The Gentle Discipline Book: How to raise co-operative, polite and helpful children (book review)

Children watch us more than they listen to us

This is a very detailed and comprehensive book about understanding your child and disciplining them in a way that encourages teaching and learning and not punishing and rewarding. It is a far removed approach from how I was disciplined and even the way I disciplined my now grown up children. I particularly like the message that is on more than one page “work with a child – not against.

The author mentions the definition of discipline as found in the Oxford dictionary as being “The practice of training people to obey rules or a code of behaviour using punishment to correct disobedience. I am pleased to say that this book does not follow that example.

Some subjects discussed that stood out for me were the section on sleep and the graph showing the average sleep a child should have based on their age, within a 24 hour period, Sensory overload as well as the importance of a good diet.

I feel that the author’s practical style of explaining gentle discipline in a way that we can all understand and follow. It is about mutual respect for your child and your child having mutual respect for you and allows for the balance of power. An example she gave was with her own children and how through communicating correctly and being patient and empathetic to them, you can often negotiate and work out the best solution and a suitable outcome for both of you. This does in no way mean you are going to be a pushover or let them get away with things, it just means more tolerance and understanding, based on their emotional skills that are appropriate for their age and ability to understand.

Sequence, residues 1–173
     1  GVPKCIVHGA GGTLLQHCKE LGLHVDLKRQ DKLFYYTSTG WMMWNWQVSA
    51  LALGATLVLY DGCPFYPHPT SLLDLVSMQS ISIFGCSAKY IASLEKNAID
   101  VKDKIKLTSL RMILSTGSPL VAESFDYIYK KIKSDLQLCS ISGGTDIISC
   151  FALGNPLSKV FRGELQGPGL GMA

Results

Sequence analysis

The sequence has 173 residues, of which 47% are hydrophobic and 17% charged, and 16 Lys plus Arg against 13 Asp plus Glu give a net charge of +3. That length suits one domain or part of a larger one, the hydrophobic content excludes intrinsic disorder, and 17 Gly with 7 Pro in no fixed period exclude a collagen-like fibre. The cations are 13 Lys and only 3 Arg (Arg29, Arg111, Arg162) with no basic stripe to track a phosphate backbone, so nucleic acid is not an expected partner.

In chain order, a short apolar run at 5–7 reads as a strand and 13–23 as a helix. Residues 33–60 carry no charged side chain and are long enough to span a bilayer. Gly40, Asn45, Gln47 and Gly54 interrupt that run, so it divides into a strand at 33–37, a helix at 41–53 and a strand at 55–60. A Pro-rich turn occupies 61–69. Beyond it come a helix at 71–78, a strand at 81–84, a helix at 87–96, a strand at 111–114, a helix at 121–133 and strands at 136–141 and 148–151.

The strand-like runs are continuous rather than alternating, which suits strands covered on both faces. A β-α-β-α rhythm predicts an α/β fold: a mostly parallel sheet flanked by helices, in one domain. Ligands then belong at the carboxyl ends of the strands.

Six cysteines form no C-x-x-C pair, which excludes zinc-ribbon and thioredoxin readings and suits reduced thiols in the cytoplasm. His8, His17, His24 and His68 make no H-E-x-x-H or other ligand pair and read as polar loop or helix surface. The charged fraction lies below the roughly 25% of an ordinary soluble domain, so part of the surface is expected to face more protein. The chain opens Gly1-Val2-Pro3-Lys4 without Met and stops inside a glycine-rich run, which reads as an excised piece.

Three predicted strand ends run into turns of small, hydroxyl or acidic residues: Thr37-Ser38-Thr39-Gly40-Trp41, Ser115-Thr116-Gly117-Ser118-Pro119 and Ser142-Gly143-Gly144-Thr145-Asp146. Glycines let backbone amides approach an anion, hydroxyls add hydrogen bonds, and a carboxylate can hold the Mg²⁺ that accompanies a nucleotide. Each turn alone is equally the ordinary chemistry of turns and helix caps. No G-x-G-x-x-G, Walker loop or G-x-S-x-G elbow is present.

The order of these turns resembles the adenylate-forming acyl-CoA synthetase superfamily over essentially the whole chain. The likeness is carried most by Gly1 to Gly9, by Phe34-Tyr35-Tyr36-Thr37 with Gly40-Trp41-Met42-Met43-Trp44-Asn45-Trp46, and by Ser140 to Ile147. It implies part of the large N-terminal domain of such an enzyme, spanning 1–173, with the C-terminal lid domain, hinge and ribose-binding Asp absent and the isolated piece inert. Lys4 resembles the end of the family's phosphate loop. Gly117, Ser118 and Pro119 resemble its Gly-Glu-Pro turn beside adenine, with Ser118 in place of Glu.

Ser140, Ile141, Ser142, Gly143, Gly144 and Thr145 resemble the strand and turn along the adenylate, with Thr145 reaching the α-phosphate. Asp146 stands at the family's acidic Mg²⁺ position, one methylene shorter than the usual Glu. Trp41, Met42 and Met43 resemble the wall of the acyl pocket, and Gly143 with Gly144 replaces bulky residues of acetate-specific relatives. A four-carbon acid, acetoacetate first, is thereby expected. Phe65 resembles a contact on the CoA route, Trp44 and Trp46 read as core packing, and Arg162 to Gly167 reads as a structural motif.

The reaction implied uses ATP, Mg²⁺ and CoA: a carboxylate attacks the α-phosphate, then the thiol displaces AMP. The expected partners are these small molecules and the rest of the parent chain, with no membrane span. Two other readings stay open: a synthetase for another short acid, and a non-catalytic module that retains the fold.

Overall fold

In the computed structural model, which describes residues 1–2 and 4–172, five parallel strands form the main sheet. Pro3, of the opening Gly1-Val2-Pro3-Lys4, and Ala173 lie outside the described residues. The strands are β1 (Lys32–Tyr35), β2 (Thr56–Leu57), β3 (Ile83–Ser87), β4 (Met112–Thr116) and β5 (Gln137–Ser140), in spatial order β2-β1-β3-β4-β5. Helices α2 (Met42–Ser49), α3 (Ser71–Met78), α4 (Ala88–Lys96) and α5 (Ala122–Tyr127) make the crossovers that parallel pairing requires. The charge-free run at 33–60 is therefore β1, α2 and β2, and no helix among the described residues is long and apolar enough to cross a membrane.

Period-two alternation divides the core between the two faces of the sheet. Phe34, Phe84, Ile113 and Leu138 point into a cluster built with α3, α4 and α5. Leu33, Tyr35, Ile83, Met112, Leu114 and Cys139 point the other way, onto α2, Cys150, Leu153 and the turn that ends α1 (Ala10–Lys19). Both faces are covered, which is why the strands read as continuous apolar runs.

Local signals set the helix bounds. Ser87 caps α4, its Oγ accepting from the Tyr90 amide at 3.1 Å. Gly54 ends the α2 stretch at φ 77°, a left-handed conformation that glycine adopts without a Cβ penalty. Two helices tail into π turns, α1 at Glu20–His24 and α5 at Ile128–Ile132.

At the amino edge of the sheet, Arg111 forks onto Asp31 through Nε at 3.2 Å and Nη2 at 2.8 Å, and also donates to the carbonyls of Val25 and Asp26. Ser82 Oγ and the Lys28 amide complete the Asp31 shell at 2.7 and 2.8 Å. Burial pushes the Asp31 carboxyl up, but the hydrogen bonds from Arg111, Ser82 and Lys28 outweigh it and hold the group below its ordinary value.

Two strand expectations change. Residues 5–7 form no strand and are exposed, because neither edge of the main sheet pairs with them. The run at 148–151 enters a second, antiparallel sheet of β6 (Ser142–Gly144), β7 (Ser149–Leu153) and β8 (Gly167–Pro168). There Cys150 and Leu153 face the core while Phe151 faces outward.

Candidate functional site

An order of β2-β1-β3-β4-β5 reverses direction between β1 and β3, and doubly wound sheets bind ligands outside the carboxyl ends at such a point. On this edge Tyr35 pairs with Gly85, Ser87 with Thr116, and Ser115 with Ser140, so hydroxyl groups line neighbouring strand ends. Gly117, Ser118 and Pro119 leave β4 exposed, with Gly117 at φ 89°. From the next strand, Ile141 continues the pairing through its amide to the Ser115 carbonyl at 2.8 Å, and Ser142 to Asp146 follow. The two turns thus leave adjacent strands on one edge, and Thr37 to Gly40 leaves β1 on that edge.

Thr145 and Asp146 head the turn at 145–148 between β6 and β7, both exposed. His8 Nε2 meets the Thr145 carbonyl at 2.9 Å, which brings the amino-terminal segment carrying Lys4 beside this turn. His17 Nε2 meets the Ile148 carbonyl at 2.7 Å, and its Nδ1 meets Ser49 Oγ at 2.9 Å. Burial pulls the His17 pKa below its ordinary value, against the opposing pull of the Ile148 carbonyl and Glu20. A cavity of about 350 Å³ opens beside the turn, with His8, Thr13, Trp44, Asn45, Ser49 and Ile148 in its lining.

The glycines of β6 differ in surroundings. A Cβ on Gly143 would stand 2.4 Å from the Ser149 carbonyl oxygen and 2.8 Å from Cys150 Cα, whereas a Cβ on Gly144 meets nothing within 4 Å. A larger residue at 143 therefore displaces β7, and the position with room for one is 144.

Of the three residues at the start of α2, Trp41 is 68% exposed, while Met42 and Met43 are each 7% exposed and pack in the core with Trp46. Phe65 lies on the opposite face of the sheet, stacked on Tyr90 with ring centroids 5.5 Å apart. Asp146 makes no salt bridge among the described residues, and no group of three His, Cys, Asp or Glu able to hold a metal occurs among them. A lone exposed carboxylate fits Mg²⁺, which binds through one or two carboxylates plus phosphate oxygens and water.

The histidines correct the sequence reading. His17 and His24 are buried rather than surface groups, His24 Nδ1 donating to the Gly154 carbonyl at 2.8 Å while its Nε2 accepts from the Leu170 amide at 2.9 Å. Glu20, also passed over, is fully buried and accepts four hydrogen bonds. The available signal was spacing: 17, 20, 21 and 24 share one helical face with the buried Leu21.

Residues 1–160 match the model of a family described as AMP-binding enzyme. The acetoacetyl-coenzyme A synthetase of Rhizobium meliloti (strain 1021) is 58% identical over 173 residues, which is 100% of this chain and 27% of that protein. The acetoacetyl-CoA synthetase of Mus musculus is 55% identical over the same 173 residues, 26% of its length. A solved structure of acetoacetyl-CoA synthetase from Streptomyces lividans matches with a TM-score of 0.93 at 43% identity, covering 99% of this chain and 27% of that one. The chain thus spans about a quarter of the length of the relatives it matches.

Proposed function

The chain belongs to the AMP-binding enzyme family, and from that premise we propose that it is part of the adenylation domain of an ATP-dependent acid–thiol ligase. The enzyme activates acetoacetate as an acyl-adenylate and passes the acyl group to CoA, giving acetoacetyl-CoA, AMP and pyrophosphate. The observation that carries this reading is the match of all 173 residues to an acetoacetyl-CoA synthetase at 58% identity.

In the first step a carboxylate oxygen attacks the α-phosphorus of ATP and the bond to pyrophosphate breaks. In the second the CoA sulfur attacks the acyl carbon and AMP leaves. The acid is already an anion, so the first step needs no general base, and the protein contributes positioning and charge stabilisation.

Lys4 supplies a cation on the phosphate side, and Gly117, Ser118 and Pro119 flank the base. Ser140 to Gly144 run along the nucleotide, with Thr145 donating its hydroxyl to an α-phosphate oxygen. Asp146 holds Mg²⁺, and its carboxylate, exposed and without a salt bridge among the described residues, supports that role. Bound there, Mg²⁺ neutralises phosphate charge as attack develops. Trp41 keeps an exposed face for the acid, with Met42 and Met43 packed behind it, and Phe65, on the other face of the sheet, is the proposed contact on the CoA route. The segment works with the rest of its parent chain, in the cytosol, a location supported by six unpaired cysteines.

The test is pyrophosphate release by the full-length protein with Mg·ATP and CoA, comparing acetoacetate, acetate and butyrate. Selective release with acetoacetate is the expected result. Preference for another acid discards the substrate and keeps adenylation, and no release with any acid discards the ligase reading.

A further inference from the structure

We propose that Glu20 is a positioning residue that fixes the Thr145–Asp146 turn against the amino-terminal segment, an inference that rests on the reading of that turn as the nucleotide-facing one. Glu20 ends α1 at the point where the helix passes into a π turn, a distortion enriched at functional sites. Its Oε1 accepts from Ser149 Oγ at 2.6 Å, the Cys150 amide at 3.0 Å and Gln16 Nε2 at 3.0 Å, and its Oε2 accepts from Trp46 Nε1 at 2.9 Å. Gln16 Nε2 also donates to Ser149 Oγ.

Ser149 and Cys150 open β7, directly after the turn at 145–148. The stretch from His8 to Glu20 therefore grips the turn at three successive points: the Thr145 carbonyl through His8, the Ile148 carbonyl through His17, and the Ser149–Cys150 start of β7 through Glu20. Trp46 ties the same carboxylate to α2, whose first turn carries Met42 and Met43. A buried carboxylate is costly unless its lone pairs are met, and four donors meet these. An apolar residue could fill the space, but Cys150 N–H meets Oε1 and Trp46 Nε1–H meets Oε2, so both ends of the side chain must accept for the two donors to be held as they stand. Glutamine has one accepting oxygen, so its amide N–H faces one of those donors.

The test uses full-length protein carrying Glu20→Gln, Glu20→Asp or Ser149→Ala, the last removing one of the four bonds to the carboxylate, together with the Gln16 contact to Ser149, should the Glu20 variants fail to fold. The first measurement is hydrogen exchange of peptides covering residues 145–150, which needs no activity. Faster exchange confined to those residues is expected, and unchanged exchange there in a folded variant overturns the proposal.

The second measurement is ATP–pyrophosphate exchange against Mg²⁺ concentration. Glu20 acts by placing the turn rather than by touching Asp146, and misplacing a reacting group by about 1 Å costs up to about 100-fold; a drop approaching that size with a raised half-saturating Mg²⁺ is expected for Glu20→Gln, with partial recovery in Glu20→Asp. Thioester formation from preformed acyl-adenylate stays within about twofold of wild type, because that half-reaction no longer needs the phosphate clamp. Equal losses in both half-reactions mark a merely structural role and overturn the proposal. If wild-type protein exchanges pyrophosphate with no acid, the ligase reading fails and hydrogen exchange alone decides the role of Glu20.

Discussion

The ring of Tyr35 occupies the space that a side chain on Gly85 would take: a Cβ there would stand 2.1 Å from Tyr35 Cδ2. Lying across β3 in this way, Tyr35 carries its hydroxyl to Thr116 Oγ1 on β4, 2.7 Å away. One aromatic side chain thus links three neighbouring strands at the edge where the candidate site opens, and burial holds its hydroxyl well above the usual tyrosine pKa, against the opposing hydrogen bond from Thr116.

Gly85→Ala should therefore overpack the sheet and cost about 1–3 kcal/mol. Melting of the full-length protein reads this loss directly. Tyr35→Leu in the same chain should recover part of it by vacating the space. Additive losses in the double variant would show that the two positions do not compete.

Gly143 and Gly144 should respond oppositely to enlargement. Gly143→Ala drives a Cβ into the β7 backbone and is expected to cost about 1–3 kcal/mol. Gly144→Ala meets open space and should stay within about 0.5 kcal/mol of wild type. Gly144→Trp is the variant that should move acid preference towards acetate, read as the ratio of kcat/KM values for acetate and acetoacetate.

There is a lot of reference to specialists such as Jean Piaget and the “Schemas” as well as Maslow (A child’s hierarchy-including diagram). Other examples include Schemas in child early development, ToM (Theory of mind), and the Vark model (the 4 styles of learning – Auditory, verbal, visual and kinesthetic).

I bought this book mainly to understand some of the more complex subjects and I am very pleased that this book included a section on the ones I wanted to understand in more detail, these include PDA, Asperger Syndrome, Adhd, ODD, and ASD.

This is an amazing book and I would strongly recommend it to any parent/grandparent, regardless of their child’s age or even if they have children themselves. It is a practical book for anyone interested in the subject of child discipline and this book covers everything that you could possibly want to know.

(book review
The Gentle Discipline Book: How to raise co-operative, polite and helpful children)


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